Uniting forensics, law, and social science in meaningful and relevant ways, Forensic Science and the Administration of Justice is structured around current research on how forensic evidence is being used and how it is impacting the justice system. This unique book—written by nationally known scholars in the field—includes five sections that explore the demand for forensic services, the quality of forensic services, the utility of forensic services, post-conviction forensic issues, and the future role of forensic science in the administration of justice. The authors offer policy-relevant directions for both the criminal justice and forensic fields and demonstrate how the role of the crime laboratory in the American justice system is evolving in concert with technological advances as well as changing demands and competing pressures for laboratory resources.
Chapter 1: A Historical Review of the Demand for Forensic Evidence
A Historical Review of the Demand for Forensic Evidence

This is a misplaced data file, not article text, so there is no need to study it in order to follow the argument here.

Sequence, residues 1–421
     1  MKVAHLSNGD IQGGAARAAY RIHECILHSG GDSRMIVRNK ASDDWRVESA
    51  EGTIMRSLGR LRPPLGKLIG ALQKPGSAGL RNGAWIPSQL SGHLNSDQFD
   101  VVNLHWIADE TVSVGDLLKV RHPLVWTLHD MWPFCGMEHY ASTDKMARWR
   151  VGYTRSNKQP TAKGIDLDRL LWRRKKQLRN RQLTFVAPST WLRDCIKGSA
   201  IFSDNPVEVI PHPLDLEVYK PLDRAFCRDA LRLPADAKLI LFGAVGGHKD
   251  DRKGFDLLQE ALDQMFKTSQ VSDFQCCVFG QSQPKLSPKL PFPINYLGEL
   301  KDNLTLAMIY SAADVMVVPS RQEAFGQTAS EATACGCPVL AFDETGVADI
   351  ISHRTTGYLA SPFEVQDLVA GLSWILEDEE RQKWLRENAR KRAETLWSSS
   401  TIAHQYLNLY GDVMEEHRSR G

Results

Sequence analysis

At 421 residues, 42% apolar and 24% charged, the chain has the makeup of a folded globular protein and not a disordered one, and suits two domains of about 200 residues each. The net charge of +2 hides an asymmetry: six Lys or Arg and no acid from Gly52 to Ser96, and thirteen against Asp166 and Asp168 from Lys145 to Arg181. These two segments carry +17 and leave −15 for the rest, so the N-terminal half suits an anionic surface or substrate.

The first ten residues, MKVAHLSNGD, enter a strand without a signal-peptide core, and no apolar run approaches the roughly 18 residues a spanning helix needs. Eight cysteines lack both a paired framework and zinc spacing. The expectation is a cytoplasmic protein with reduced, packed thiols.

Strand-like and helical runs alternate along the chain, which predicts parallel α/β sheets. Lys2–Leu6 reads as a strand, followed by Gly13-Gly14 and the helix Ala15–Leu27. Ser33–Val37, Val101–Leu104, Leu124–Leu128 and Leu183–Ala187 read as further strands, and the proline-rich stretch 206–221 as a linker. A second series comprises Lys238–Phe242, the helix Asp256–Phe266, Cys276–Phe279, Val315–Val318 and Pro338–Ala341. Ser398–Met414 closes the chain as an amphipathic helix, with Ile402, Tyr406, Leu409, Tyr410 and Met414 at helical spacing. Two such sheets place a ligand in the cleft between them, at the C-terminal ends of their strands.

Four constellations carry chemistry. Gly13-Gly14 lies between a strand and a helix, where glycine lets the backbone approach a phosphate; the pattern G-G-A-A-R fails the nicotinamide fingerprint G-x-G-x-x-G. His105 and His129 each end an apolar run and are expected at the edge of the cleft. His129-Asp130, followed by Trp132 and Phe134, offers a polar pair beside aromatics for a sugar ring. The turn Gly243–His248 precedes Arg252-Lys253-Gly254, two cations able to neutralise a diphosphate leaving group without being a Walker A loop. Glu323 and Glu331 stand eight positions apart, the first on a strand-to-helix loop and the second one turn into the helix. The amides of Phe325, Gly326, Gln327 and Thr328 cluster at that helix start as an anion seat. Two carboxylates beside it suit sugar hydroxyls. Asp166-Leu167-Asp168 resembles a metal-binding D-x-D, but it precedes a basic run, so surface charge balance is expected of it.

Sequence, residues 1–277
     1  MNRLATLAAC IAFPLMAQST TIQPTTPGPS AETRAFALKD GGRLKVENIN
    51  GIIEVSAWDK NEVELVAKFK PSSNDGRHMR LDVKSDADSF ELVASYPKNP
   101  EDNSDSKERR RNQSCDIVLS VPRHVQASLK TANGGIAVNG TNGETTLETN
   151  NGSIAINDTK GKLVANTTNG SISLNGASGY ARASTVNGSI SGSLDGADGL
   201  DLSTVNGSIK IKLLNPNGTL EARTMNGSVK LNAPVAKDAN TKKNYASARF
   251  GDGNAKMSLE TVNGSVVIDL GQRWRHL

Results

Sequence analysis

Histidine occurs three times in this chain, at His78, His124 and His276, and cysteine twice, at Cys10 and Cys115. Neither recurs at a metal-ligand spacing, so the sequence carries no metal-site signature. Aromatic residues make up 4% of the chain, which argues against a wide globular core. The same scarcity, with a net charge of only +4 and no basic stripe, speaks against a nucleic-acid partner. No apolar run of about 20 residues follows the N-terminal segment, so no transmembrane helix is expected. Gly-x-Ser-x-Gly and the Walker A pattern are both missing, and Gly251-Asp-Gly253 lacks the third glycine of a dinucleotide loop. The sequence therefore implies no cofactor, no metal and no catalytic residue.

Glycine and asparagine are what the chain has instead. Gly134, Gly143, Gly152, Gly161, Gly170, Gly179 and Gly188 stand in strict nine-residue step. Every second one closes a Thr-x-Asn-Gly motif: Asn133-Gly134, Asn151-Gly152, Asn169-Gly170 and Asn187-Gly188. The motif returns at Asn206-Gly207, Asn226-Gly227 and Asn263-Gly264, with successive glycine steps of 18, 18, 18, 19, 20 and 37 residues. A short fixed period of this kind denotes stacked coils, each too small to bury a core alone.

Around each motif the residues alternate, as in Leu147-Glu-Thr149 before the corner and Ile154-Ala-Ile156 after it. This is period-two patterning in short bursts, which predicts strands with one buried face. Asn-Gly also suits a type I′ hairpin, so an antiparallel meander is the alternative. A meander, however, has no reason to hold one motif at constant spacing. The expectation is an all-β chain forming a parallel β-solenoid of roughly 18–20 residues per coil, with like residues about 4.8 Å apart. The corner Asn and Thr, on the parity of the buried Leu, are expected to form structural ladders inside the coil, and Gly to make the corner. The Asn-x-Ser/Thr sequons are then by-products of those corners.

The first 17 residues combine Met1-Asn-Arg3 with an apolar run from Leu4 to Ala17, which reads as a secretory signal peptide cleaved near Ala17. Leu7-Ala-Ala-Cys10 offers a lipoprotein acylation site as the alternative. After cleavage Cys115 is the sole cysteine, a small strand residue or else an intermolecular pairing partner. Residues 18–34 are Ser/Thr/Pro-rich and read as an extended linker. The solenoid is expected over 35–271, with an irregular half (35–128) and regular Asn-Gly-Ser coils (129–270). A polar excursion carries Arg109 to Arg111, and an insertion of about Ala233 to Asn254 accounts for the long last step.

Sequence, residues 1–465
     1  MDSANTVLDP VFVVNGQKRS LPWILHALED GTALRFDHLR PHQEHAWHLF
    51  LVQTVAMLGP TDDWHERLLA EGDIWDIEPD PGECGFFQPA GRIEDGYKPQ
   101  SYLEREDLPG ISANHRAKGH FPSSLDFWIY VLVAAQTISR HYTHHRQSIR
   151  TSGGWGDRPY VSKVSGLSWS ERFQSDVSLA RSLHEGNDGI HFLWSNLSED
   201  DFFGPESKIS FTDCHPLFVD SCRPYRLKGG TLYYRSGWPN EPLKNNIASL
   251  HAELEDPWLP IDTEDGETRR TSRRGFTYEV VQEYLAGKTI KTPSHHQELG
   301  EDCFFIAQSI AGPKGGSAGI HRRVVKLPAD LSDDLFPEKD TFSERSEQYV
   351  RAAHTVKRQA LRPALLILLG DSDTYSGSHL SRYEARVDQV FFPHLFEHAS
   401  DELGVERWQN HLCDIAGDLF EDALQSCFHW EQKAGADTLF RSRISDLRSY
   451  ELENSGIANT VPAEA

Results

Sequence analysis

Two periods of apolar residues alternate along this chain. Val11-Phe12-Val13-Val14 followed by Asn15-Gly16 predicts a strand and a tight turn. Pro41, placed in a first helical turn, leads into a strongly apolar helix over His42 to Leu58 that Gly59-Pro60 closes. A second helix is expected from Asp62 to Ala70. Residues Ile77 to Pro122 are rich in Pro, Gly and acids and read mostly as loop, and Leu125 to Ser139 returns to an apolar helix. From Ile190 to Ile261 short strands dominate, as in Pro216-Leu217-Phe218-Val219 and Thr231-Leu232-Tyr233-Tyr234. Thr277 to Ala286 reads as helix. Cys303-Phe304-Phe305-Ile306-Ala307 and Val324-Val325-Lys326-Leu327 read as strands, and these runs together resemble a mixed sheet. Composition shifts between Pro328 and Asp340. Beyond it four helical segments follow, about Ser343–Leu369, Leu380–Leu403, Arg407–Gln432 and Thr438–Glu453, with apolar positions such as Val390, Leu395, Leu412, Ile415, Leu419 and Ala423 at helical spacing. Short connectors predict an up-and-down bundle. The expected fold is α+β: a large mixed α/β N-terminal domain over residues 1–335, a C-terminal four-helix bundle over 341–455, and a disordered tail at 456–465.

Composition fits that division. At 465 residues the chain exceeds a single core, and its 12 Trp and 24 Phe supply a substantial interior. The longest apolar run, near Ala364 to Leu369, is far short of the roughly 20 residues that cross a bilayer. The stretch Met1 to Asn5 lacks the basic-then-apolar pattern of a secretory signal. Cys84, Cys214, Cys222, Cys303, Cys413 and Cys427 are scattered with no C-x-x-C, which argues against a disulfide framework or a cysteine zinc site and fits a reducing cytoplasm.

There have been many significant improvements and dramatic growth of forensic crime laboratories capabilities in the past half-century. The number of facilities, size of laboratory operations, and the sensitivity and precision of scientific tests have all increased (Durose, Walsh, & Burch, 2012). The ability of forensic examiners to characterize biological evidence using DNA testing methods has been the most notable of many scientific breakthroughs; the speed and sensitivity of laboratory techniques to examine traces of DNA have improved dramatically (National Institute of Justice, 2013). Computerized databases to store DNA profiles, fingerprints, and firearms- and ammunition-related information have been established and continue to expand daily, enabling investigators to ...